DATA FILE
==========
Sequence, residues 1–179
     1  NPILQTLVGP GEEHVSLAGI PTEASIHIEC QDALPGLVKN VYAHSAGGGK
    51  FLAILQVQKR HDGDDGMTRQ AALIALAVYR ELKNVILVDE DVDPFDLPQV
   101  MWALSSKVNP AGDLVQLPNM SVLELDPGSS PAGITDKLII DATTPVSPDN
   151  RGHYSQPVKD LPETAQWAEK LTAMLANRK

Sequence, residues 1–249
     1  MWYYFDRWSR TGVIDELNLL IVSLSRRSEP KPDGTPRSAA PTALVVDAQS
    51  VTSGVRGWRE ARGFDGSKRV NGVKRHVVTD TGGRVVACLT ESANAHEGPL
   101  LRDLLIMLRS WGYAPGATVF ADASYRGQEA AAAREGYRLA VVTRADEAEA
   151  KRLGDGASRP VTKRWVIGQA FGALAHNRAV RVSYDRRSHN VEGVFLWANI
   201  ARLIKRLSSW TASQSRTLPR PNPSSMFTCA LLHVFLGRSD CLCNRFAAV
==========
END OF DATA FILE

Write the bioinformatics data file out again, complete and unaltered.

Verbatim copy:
Sequence, residues 1–179
     1  NPILQTLVGP GEEHVSLAGI PTEASIHIEC QDALPGLVKN VYAHSAGGGK
    51  FLAILQVQKR HDGDDGMTRQ AALIALAVYR ELKNVILVDE DVDPFDLPQV
   101  MWALSSKVNP AGDLVQLPNM SVLELDPGSS PAGITDKLII DATTPVSPDN
   151  RGHYSQPVKD LPETAQWAEK LTAMLANRK

Sequence, residues 1–249
     1  MWYYFDRWSR TGVIDELNLL IVSLSRRSEP KPDGTPRSAA PTALVVDAQS
    51  VTSGVRGWRE ARGFDGSKRV NGVKRHVVTD TGGRVVACLT ESANAHEGPL
   101  LRDLLIMLRS WGYAPGATVF ADASYRGQEA AAAREGYRLA VVTRADEAEA
   151  KRLGDGASRP VTKRWVIGQA FGALAHNRAV RVSYDRRSHN VEGVFLWANI
   201  ARLIKRLSSW TASQSRTLPR PNPSSMFTCA LLHVFLGRSD CLCNRFAAV